Africa PORTS & SHIPS Maritime News

Bringing you shipping, freight, trade and transport related news of interest for Africa since 2002
Bringing you shipping, freight, trade and transport related news of interest for Africa since 2002


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Cap Cortes arriving in Durban, November 2017. Picture: Trevor Jones, appearing in Africa PORTS & SHIPS maritime news
Cap Cortes. Picture: Trevor Jones

Over the years we’ve seen many Hamburg Süd container ships passing through the ports of Durban and Ngqura and occasionally Cape Town, many of them on their delivery voyages to South America to take up service between that continent and Europe or elsewhere. We even had one ship named at a lavish ceremony in Durban – SANTA CLARA in March 2011. Invariably smart looking in their orange/red livery the Hamburg Süd ships always brightened the scenery as they arrived, berthed at the container terminal and sailed from port. With the merging of the German company into that of Maersk and talk of Hamburg Süd concentrating on the South America – Europe trade in future, does this mean we will have less calls by this line whose ships were a feature here for so long? This past week one of the smaller ships in the fleet called at Durban, the 3,820-TEU CAP CORTES (52,065-dwt) and proceeded to the container terminal. Built in 2013 at the Taizhou CATIC Shipbuilding Heavy Industry yard in China as hull number UN 01, the 228-metre long, 37-m wide ship is under charter to Hamburg Süd from the German owner Rehder Carsten and has also operated with the name OSAKA STRAIT. This picture is by Trevor Jones


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The Spanish-owned, Seychelles-flagged fishing vessel Galerna II arriving at Durban at the weekend. This is a very similar vessel to the Galerna III that was under pirate attack also at the weekend. This picture is by Trevor Jones, appearing in Africa PORTS & SHIPS maritime news
The Spanish-owned, Seychelles-flagged fishing vessel Galerna II arriving at Durban at the recent weekend. This is a very similar vessel to the Galerna III that was under pirate attack also at the weekend. This picture is by Trevor Jones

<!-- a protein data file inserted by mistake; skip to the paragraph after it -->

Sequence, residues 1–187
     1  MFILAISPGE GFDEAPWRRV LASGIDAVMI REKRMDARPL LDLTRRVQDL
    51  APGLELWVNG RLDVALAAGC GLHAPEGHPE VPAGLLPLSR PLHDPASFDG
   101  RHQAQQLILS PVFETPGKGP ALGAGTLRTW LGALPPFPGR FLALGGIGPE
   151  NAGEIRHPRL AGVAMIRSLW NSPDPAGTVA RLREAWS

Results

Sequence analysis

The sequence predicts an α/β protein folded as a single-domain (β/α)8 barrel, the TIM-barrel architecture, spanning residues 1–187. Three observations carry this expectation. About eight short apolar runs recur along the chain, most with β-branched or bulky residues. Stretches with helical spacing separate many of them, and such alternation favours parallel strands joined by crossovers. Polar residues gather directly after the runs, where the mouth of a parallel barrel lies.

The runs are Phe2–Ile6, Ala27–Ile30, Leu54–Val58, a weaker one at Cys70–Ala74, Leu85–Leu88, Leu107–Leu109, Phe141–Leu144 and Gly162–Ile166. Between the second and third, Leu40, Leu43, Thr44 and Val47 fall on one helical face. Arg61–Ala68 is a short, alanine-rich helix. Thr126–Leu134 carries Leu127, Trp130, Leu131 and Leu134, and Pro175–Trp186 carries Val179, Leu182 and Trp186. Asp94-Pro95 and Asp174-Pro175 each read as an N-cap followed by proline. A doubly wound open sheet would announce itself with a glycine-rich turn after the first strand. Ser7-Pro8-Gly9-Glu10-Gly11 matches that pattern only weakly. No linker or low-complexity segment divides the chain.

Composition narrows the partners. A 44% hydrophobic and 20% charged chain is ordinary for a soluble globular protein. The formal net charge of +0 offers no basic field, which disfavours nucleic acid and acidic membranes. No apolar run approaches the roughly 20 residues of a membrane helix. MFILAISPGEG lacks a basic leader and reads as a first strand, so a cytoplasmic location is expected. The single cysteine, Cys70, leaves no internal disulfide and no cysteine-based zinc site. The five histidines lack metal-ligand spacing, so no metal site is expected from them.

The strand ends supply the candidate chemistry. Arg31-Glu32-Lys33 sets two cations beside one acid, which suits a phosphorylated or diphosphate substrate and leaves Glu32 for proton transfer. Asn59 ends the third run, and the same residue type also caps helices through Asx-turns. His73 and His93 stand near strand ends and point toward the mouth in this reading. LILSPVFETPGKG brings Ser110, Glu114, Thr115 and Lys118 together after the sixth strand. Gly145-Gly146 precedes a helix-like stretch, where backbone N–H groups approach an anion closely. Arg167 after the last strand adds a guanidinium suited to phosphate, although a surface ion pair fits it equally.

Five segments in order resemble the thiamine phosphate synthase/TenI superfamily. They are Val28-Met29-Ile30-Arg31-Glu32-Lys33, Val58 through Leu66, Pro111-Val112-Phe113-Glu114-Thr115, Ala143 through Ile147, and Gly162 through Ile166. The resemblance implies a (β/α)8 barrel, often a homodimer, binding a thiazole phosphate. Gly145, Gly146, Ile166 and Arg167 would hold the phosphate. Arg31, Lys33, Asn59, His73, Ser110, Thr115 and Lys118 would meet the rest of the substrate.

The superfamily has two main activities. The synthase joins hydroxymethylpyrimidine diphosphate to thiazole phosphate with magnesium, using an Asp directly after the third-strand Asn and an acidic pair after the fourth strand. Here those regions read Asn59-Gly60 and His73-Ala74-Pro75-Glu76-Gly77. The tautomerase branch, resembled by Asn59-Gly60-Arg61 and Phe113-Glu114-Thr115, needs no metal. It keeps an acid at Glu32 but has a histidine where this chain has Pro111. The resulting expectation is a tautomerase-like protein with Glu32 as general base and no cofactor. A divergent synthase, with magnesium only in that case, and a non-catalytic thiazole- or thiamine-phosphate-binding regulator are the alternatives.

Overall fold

EU NAVFOR has confirmed that two vessels were attacked in separate incidnets by pirates over the weekend of 17-18 November 2017. The first was the container ship EVER DYNAMIC and the second a large Spanish fishing vessel Galerna III. Although both vessels were fired on there are no injuries reported.

EU NAVFOR believes the larger vessel, a motorised whaler was being used as a mother ship to another smaller skiff to launch an attack on the 52,000-ton container ship and the fishing vessel in separate attacks.

These events took place over a 24 hour period on 17 and 18 November in the Southern Somali Basin, in an area notorious for piracy incidents. During the incidents a number of rocket propelled grenades were fired against the container ship. However, adherence to BMP4 (Best Management Practices), the presence of a security team on one of the vessels, and good seamanship avoided any damage or injuries.

The container ship involved was the Evergreen Line ship EVER DYNAMIC while the second vessel was a sister fishing vessel to Galerna II that was featured yesterday in Africa PORTS & SHIPS. GALERNA III came under attack by the pirates while operating out of Victoria in the Seychelles.

Ever Dynamic was on a voyage between Colombo and Mombasa.

EU NAVFOR reports that the suspected pirates were apprehended by the Italian Marines from ITS Virginio Fasan after their vessels were located using Fasan’s SH-90 helicopter. This followed initial searches by a Spanish Cisne Maritime Patrol Aircraft.  This search for the suspected pirates was coordinated with partners and from information provided by the masters of the vessels concerned. Positive visual verification was made which allowed this to take place.

A legal process has now begun for the suspected pirates to be transferred to the appropriate authority for prosecution. EU NAVFOR was able to respond rapidly and successfully to these incidents due to the combined efforts of all involved, maximising synchronisation with all EU NAVFOR partners and forward deployed capabilities.

A reminder is made to all seafarers that adherence to BMP4 and registration with MSCHOA will help to overcome further illegal acts at sea. The presence of international counter-piracy forces in the area will continue to act as a deterrent to further incidents.


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Port of Mombasa's two container terminal sites. Map courtesy: JICA, appearing in Africa PORTS & SHIPS maritime news
Port of Mombasa’s two container terminal sites. Map courtesy: JICA

Kenya’s Port of Mombasa will acquire 16 new cranes from Japan for the second phase of Mombasa’s port project.

Finance for the cranes has been made possible through collaboration between Toyota Tsusho Corporation and Mitsui Engineering & Shipbuilding to the amount of ¥7.2 billion (US$ 64 million).

Mombasa's second container terminal site, appearing in Africa PORTS & SHIPS maritime news
Mombasa’s second container terminal site

Mombasa’s Second Container Terminal, which will confirm the role of Mombasa as…[restrict] the largest commercial port in East Africa, is expected to be completed in 2020 and is being funded through the Japan International Cooperation Agency’s Special Terms for Economic Partnership (STEP) loan program.